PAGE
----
· Realism! Online Magazine – table of contents
- – Preface
- – Siw Umsonst, Martin Kirchner, Jeronimo Voss: “Organising Realism”
- – Interview with Claire Fontaine: “Historical Fiction as Realism”
- – Interview with ‘Chto delat?’: “The Truth of Actuality”
- – Johannes Raether and Kerstin Stakemeier: “The Art of Falling Apart”
- – Martin Kirchner: “Realism and its Discontents”
- – Flo Maak: “Monochrome Realities”
- – Michael Eddy: “Presence and Absence in Crowds”
- – Lars Schmid and Jeronimo Voss: “All Cops are DJs – Police Sensitivity in the State of Exception”
Realism and its Discontents
As an aesthetic mode in the early 19th century, realism, whose rise parallels that of photography, was significant in directly confronting the escapist tendencies of romanticism. Realism focused attention on the material and social world as the basis for art and literature. The advent of realism in art and literature, however, marks only the beginning of a long debate, as many equate the term with positivism—the new system of scientistic rationalization.
Trihn T. Mihn-ha argues that realism, which suggests a mine-is-truer version of reality, rather than challenging the very constitution of authority, replaces one source of authority with another. The ability to assemble ‘facts’ in a realist mode, is the precondition for power over the definition of reality. To dispute this authority, however, is not to suggest that one assume a position of total relativity, which is anyway not the recognition of difference, but the reduction of cultural difference to general indifference and interchangeability. Instead, a critical and politically reflexive realism offers a way past this opposition between authoritative ‘facts’ and absolute relativity.
An ambiguous term which has been subject to a variety of often contradictory interpretations, realism can, perhaps, be broken down into two variants: either it refers to a commitment to understand and describe the movement of social forces which underlie the appearance of reality, or it refers to a strategy of representation in which objects appear ‘lifelike’ or ‘natural’ and the author appears invisible. In conventional usage of the term, both definitions often overlap; what follows is an attempt to show the argument against realism understood as an aesthetic mode predicated “upon a positivist philosophy about the existence of objective reality.”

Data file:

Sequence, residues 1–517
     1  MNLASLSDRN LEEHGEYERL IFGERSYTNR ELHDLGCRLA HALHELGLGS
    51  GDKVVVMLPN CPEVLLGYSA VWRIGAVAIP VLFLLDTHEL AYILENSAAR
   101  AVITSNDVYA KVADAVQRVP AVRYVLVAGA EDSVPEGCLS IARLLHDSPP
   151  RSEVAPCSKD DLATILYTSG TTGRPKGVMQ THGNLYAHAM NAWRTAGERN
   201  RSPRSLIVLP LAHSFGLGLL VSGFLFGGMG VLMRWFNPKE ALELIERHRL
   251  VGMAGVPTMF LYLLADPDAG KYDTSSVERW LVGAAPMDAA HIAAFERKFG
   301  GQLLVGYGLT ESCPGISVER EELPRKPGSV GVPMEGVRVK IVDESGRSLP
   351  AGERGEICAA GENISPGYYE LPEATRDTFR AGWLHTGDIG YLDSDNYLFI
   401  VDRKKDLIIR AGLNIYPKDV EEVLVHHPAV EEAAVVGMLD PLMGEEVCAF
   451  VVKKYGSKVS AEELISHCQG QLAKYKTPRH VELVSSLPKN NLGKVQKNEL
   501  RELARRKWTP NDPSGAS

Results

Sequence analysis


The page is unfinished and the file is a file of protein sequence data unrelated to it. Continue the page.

For many, the term realism suggests a belief that knowledge of reality can be perceived and communicated objectively, uninfluenced by material support or personal bias. This view is congruent with positivism, the proposition that understanding of the social world is based on observable, indisputable facts that exist and are accessible outside of any human conceptualization of the world. Like realism, positivism “concentrates on the object of knowledge, abolishing the human actor doing the knowing, thereby attempting to hide the ‘subject’ of knowledge from critical examination.” In contrast, a critical and reflexive approach does not exclude consideration of the subject as a determining element.
Now synonymous with empiricism, positivism emerged at the same time that realism was coming into focus as an aesthetic practice. As a philosophy it separates ‘fact’ from ‘value’, renouncing anything associated with transcending the quantifiable or the measurable, such as “the ability to hope, to take a position, to desire, to strive for happiness.” Instead, it tries to understand reality ‘objectively’—gathering ‘facts’ and strictly adhering to scientific description. Critiquing this positivist assumption in objective fact, Max Horkheimer has argued that not only reality itself, but also the way in which we perceive reality is historically conditioned. By disavowing the neutrality and transparency of human perception, a critical method interrogates the means and conditions by which reality is perceived.
Examples of art that manifest positivist tendencies can be seen throughout realism’s history. Art historian Linda Nochlin, for example, writes that Courbet’s realist paintings strive to create “objective representations of the external world based upon the impartial observation of contemporary life.” Realist novelist Gustave Flaubert attempts to create a style of invisibility in which the author is “like God in the Universe, present everywhere and visible nowhere.” Realist film critic André Bazin celebrates photography and film for their ability to transfer reality intact and unaltered into reproduction, arguing that the objectivity of photography forces us “to accept as real the existence of the object reproduced,” and that that cinema’s advantage is its ability to recreate “the world in its own image.”